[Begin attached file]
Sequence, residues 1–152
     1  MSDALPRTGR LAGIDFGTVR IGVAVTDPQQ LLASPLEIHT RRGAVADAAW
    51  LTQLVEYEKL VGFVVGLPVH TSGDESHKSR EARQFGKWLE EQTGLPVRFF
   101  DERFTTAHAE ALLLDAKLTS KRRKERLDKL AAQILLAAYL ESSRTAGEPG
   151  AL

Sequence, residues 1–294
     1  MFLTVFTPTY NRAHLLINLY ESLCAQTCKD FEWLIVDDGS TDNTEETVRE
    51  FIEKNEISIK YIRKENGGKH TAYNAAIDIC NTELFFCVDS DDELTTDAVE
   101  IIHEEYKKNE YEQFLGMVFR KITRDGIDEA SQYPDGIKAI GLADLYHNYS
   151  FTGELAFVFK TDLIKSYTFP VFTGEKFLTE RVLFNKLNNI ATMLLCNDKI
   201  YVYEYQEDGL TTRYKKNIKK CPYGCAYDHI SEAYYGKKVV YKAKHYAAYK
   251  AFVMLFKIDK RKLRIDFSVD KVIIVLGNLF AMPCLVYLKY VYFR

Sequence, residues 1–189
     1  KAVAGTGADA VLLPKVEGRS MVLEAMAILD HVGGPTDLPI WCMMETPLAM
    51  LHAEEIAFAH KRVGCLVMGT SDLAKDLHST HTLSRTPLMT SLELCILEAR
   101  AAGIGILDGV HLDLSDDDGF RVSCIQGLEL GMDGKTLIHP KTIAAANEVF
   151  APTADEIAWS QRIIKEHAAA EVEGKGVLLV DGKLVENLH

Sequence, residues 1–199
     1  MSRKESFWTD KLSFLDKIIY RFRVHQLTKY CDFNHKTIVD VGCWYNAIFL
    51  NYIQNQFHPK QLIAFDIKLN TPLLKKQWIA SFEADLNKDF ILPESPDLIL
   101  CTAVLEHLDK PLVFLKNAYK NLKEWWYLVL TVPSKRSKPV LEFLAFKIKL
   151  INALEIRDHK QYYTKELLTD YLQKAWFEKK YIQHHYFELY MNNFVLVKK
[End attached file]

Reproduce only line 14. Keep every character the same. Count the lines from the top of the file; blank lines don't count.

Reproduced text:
     1  KAVAGTGADA VLLPKVEGRS MVLEAMAILD HVGGPTDLPI WCMMETPLAM